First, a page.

Commentary by Dr. Valentin Fuster
Mechanical Engineering. 2005;127(09):42-43. doi:10.1115/1.2005-SEP-4.
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This article focuses on Internet-based technology that has amply increased the productivity of factories, but the simple act of giving an Internet protocol access to a plant-floor device makes it a potential Internet target. Everything on Internet-based systems, from trade secrets to the main control system of a production line, needs protection from this new set of risks. In managing risk of any kind, including risk associated with our information systems, the challenge we have as manufacturers is in knowing what to protect and how to protect it. Companies need to protect the systems that provide value to their businesses, but they must apply protection in proportion to the risk and value. People must know security processes and procedures, and must follow them. Continual training is necessary to keep employees informed and aware of what they must do to protect the factory and its information. Policies are put in place by management and describe how people are expected to comply with the processes and procedures, and management must enforce those policies and procedures.

Commentary by Dr. Valentin Fuster
Mechanical Engineering. 2005;127(09):44-46. doi:10.1115/1.2005-SEP-5.
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This article highlights that for centuries although space was the realm of wonder and fascination, of fiction and children’s bedtime stories, of shooting balls of fire and faraway heavenly bodies; still it was less than 50 years ago that things began to change in earnest. Enormous engineering resources were invested in the US space program during the 1960s. By the end of the decade, engineers had gained a sufficient level of knowledge about chemical rockets and storable propellants and turned their attention to other technologies, such as noise control and advanced computer systems. In its tradition of recognizing technological achievement, ASME has bestowed honors and awards on numerous engineers and scientists associated with the nation's space program. ASME’s publications and conferences have been important vehicles for disseminating technical information on aerospace and aeronautics technology. The Society’s Aerospace Division, which predates the lunar program, has been one of the most active sectors of ASME's technical divisions.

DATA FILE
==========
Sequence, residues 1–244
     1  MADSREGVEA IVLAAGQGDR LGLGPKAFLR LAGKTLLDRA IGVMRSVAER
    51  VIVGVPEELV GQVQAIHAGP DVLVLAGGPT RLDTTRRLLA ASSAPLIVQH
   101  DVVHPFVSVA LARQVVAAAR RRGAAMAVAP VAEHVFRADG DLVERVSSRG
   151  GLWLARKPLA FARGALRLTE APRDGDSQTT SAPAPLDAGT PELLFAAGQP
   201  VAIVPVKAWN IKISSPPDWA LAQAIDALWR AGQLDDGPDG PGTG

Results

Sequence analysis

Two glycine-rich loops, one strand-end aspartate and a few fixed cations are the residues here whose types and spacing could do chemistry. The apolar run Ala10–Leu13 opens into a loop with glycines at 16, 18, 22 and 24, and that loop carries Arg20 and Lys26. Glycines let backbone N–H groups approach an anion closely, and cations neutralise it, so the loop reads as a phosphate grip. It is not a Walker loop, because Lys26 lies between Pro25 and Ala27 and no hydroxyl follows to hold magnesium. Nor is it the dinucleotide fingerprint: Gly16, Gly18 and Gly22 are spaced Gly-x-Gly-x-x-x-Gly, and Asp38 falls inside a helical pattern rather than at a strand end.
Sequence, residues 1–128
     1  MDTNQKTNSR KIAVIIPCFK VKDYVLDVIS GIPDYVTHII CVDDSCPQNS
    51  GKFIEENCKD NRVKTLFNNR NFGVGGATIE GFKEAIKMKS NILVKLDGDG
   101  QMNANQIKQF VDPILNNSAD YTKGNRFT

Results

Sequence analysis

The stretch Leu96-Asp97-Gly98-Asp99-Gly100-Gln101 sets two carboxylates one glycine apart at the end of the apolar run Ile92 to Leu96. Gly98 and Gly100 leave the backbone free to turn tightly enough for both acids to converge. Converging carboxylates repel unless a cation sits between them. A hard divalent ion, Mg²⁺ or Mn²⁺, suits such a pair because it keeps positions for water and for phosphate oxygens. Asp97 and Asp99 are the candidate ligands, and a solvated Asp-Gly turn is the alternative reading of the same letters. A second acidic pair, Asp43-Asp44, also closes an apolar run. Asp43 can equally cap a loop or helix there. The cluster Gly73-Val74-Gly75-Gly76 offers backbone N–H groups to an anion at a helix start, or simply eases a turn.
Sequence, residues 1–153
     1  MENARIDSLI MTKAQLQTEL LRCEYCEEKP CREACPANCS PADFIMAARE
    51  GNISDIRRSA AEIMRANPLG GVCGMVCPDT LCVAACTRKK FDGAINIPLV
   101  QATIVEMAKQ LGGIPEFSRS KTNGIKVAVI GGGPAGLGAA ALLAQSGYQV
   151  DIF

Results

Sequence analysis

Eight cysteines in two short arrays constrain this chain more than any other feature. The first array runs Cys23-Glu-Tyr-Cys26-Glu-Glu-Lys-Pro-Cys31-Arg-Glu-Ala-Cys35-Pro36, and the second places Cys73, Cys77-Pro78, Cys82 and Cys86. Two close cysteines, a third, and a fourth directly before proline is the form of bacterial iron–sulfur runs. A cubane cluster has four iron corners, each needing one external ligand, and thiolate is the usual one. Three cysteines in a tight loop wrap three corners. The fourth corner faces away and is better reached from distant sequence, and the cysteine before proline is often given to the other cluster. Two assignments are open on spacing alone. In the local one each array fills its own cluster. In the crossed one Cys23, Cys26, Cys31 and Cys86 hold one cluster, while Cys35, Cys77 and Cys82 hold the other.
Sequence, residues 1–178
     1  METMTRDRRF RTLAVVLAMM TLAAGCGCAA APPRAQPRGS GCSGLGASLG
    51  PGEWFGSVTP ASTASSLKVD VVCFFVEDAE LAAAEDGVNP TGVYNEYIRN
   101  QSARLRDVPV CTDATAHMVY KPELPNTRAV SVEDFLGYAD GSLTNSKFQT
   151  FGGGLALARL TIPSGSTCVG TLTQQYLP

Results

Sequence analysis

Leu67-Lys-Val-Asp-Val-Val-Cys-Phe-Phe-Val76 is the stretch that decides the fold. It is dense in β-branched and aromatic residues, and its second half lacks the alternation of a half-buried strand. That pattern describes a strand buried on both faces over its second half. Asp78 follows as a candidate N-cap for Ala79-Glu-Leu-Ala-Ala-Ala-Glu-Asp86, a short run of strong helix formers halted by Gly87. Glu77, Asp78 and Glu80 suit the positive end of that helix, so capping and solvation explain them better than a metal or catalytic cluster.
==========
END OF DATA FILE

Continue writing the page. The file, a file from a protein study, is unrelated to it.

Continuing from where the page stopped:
Commentary by Dr. Valentin Fuster